Miami Dolphins – Three Things of Note
1) Starks Strong in the Middle
In our preview of the Dolphins’ season we mentioned that the presence of Starks and Paul Soliai was a crucial one this season, and so Starks proved in this game. He was active in run defense and, while he didn’t make a decisive impact as a pass rusher, he did make a nuisance of himself against Peter Konz at right guard on a couple of pressures, including affecting Matt Ryan’s decision-making on one of his sacks, and stopping him from stepping up through the pocket. The Dolphins are clearly looking to keep him fresh for the season as he rotated drive by drive with Kheeston Randall. While in the game he made solid contributions and his tackle working off of Justin Blalock is the sort of contribution Miami needs consistently from Starks this year to replicate his form of 2011.
2) Support Lacking for Tannehill
A second preseason start for Ryan Tannehill and once again the supposedly ‘raw’ rookie looked far from out of his depth. He showed an ability to hit receivers to the outside and over the middle, and displayed the rare ability for a young quarterback to know how and when to come back to the middle of the field on a second or third read. There will be growing pains ahead for Tannehill when the real games start and the problem for him, for the Dolphins, and for their fans is that the support around him looks almost completely non-existent. Tannehill hooked up well with Davone Bess, Miami’s only real weapon of any quality, but support from the rest of his receiving corps was lacking. There were drops, there was an inability to fight through coverage and there were occasions where the receiving corps just looked clueless. Unless you are of a truly rare talent as a rookie you need help when you first break into the league, and right now Tannehill has next to none. He made mistakes himself, his interception–while a little unlucky–was forced, and another throw to a hitch route was also extremely poor. But unless Miami find someone to emerge as an outside receiver to give Tannehill a go-to guy, he will be in for a long rookie season. The fans, coaching staff and playing staff will need to be patient with Tannehill and the offense this season, because right now the passing game simply isn’t set up to succeed.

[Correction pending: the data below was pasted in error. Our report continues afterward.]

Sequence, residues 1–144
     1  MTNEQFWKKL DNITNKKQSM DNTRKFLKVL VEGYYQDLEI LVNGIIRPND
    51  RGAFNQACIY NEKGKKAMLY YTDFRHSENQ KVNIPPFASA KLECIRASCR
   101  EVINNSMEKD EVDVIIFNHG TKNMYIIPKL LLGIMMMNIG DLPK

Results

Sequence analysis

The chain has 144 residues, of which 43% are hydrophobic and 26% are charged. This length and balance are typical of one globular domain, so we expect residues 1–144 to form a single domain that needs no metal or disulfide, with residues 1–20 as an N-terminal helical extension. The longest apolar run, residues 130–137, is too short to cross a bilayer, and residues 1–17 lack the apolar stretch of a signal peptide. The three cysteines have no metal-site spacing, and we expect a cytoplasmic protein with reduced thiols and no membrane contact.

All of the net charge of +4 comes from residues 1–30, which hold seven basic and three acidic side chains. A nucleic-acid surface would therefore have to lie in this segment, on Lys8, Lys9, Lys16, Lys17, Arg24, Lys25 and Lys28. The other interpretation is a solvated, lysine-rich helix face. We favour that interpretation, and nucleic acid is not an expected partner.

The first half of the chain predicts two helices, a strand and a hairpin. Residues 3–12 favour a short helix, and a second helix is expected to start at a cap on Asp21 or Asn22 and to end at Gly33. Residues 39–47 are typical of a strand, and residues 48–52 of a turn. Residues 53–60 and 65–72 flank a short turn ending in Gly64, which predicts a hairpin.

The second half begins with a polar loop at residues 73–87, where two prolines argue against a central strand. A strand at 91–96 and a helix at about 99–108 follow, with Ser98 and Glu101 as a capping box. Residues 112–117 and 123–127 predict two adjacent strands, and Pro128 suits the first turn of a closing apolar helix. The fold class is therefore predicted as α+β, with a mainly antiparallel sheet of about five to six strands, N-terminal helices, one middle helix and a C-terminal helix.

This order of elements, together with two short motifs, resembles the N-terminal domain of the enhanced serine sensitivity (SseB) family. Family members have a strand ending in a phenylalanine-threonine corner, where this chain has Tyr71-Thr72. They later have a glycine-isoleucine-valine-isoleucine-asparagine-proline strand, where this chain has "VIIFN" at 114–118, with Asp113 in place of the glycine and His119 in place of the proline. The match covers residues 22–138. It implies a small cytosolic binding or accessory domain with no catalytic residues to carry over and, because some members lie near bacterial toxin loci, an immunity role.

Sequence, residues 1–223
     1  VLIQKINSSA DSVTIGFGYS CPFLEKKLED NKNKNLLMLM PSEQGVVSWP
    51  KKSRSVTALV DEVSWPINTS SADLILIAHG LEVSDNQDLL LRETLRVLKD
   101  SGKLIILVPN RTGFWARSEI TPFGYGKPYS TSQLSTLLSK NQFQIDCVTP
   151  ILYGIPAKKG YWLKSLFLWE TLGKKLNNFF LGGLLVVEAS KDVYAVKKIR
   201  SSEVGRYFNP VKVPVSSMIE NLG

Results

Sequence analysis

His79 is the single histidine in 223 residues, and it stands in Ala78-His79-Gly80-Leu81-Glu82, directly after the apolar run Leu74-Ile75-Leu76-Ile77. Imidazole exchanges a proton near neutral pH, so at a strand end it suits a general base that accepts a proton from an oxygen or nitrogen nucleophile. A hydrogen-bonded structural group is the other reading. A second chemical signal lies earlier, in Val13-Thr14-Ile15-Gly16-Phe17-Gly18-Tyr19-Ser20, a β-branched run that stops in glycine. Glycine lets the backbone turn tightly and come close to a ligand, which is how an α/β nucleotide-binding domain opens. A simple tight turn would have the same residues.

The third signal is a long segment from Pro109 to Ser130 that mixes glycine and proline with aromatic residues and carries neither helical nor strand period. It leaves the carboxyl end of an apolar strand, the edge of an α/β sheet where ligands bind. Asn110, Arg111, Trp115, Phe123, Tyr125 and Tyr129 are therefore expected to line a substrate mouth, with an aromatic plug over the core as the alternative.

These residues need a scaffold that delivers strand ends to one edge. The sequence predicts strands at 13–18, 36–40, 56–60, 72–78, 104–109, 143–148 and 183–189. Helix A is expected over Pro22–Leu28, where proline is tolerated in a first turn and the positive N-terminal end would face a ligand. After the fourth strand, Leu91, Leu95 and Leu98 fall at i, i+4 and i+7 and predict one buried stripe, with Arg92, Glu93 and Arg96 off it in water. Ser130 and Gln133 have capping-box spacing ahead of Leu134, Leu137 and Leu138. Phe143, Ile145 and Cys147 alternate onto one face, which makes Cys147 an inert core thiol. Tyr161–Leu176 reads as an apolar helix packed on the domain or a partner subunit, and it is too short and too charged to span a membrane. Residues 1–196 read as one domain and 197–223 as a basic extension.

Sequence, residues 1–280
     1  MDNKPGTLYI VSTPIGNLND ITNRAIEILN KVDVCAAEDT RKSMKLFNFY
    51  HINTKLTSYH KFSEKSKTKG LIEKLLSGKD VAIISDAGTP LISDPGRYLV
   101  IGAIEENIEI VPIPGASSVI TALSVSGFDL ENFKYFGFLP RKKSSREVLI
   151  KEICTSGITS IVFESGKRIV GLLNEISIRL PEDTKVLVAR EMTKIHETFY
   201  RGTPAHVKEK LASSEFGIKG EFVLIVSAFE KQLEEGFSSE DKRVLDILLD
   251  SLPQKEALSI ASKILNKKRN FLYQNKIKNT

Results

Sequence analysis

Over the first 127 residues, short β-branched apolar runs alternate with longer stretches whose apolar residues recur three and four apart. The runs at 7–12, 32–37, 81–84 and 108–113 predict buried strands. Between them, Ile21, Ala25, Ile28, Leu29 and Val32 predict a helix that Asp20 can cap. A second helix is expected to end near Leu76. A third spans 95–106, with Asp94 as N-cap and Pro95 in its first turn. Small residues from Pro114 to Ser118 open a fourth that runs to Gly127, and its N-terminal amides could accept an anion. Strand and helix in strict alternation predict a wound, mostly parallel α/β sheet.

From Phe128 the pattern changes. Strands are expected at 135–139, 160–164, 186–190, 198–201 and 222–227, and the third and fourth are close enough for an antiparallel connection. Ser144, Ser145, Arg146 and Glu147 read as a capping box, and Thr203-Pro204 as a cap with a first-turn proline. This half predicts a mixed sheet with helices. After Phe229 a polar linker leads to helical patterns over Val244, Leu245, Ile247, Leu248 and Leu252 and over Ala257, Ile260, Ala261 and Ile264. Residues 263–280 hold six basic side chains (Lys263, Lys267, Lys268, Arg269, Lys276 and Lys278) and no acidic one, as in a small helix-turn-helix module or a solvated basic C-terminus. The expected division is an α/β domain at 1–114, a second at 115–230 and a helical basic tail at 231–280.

3) Smith Seals the Boundary
It was noticeable that the Falcons offense was targeting the side of the field away from Sean Smith, who had a relatively quiet night at left corner. Smith was only targeted once the entire game, although one other target would have come but for a batted pass, and on that play he broke on a slant by Roddy White to break up the pass. After some mighty struggles in 2011 and with former No. 1 corner Vontae Davis in the doghouse, Smith needs to step up and on the evidence of this game, he has. Smith was also active as a support player on defense, both in run defense–registering a pair of tackles, highlighted by a tackle for loss on a fourth-down stop–and making tackles in coverage when receivers got away from primary coverage. At his size, and with his athleticism, Smith has the potential to be a crucial player for the Miami defense if he continues to show form like this. That said, it would be nice to see him tested a little more so that we could get a more informed read on just how well he is playing in coverage. If teams continue to target Richard Marshall’s side of the field, Smith could be in for a relatively quiet season.